“Hot Snow” Review

The very first episode of The Avengers is missing – totally missing, until a few years ago – but now we have just the first reel of “Hot Snow” to tantalise us with a glimpse of the first case that brought led to the arrival of John Steed on our screens.

20 minutes.

And Steed isn’t in it.

Instead, what we get in this short build up is very much focussed on charming leading man, doctor and bridegroom David Keel (Ian Hendry, top billed star of the show at this stage). It’s short yet it still manages to veer uncertainly between farce (inept burglar keeps having to hide behind a door) to a rather camp Brighton Rock style gangster piece (“what if old Spicer don’t get the stuff back?”). There’s even a foreshadowing Blofeld’s cat-stroking in Thunderball (still three years ahead) with an unseen villain petting a dog with a bow tied between its ears.

The farcical elements contribute to making it feel very ‘stagey’ – it’s not unusual, giving the constraints of the time, for television of this period to be quite dialogue heavy – but the theatrical ‘business’ that goes on while people are talking on telephones makes this reel feel ever so static.

It clearly suffers from being shot ‘as live’ (this one was actually recorded before transmission, but the production process would have been very similar) with the climactic assassination sequence revealing an uncertainty about the precise moment Keel’s fiancé is shot.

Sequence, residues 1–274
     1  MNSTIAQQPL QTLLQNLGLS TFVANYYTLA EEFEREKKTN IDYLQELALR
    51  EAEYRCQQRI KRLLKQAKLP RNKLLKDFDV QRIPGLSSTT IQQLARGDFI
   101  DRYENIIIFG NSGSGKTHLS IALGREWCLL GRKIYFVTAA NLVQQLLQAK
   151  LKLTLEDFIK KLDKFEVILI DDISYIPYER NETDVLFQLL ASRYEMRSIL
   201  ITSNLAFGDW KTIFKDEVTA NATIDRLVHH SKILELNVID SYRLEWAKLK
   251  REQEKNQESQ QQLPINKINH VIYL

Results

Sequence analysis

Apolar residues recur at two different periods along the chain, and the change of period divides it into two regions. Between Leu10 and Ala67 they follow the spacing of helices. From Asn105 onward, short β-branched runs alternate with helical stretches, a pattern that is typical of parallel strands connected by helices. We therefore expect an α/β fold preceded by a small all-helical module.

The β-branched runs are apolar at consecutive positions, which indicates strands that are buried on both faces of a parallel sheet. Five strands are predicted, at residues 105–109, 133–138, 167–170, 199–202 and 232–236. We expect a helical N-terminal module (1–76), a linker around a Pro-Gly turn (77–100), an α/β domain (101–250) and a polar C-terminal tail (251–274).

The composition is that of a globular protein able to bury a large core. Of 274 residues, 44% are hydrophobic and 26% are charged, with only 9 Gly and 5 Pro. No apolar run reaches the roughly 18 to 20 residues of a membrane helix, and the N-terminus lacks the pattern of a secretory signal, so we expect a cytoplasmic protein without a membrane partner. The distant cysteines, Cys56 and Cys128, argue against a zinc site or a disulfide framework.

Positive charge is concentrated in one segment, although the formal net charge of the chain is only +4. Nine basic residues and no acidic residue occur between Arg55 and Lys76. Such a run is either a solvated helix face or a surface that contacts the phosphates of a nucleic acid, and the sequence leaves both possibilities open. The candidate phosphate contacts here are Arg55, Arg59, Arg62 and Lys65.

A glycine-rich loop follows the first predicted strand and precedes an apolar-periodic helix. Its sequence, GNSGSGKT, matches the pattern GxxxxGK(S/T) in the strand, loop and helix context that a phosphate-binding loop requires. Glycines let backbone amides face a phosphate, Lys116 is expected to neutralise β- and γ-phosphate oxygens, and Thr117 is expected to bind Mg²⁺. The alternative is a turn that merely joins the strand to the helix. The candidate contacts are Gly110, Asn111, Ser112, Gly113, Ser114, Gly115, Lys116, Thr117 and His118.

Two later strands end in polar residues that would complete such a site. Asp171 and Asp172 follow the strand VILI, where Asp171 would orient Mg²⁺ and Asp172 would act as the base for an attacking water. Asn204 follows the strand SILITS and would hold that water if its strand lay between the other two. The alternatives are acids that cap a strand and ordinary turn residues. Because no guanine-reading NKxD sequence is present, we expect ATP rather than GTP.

Overall, it’s not really The Avengers most people think of – it’s rather lacking in glamour as well as polish – and our hero isn’t a figure of action but a seeker of domestic bliss. I didn’t find Keel especially sympathetic, nor was I intrigued by the cartoonish villains. But there’s enough to keep me hooked into the second reel even if I didn’t knew it featured Steed’s debut – if only it existed! But thank goodness we have this; not, perhaps, the most scintillating 20 minutes of 1960s television but a fascinating piece of Avengers history.

About Simon Wood

Lecturer in medical education, lapsed mathematician, Doctor Who fan and garden railway builder. See simonwood.info for more...

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